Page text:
The declaration wrestles with the fact that ‘the internet… allows paedophiles and sex offenders to enjoy freedom of action, putting them on the same footing as honest citizens and making it difficult for the authorities to trace them’. How, then, to separate these malicious individuals from honest citizens? The declaration’s answer is to implement fully the 2006 Data Retention Directive and extend it to search engines. The Data Retention Directive, in force to varying degrees across Europe, requires telephone operators and internet service providers to retain data such as the calling number, the user ID and the identity of a user of an IP address. The planned extension would mean that web search providers, including Google, would have to store the content of all searches made anywhere in the EU, alongside the identity of those doing the searching.

For anyone wondering why they should be concerned, take a cursory glance at a day’s worth of the Google searches in your browser history. Many searches are banal, yes, but taken together our searches can act as an unprecedented window into what’s on our mind: from what our hobbies are to what we are working on or are curious about at a particular point in time. Indeed, this new window into our lives has been of considerable concern to some EU officials who have been lobbying for Google – and other search engine providers – to reduce the amount of time they keep our personal data for. As a result of this lobbying, Google has already reduced the length of time it stores EU data from two years to nine months.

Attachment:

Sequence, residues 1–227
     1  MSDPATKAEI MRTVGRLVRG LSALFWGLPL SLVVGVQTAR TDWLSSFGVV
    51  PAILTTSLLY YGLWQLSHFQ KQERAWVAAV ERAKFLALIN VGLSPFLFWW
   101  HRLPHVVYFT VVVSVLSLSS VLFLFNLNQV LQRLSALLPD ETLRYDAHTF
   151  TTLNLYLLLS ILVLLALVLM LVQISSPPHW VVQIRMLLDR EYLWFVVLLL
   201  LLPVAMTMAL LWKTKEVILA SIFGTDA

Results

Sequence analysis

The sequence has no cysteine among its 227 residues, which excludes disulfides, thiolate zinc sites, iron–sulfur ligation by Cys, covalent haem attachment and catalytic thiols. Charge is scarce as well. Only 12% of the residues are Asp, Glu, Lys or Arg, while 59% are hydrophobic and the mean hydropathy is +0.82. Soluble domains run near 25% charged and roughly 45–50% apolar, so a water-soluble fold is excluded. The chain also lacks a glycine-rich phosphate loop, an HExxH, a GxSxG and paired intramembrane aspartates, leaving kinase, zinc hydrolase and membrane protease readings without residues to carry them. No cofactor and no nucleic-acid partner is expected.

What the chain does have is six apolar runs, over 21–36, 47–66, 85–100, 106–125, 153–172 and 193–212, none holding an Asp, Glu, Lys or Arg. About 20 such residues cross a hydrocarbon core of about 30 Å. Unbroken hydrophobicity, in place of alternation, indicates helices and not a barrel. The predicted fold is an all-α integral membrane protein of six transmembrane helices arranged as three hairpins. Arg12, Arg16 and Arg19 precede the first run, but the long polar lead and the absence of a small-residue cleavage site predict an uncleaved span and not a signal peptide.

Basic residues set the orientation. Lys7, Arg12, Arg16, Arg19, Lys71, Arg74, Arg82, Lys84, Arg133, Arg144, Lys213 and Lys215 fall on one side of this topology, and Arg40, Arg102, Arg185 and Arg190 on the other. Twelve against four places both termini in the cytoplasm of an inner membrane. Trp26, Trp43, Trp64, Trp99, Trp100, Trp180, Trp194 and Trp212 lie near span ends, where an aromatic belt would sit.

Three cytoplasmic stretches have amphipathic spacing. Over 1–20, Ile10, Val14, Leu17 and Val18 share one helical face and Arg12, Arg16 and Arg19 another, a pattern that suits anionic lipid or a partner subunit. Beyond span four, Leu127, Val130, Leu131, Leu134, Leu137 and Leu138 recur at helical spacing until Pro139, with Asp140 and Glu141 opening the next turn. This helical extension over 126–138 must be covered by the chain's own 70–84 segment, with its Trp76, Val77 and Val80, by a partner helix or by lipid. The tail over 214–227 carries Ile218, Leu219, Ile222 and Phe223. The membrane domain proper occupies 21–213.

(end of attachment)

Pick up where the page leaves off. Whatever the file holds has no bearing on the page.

Written Declaration 29 would effectively treat us all as potential paedophiles and sex offenders. We would not be innocent until proven guilty; instead, we would be subject to investigation every time we typed in a search term. It is easier to put faith in Google’s motto ‘don’t be evil’ than it is to stomach EU bureaucrats poring over every search we make to monitor whether we are evil.

There are many obstacles in the way of Written Declaration 29: Christian Engström, the Swedish Pirate Party MEP, is leading a campaign to raise awareness about the intentions of the directive, which has already led to embarrassed MEPs, such as Swedish MEP Cecilia Wikström, recognising that they were suckered by the soft marketing campaign and retracting their support.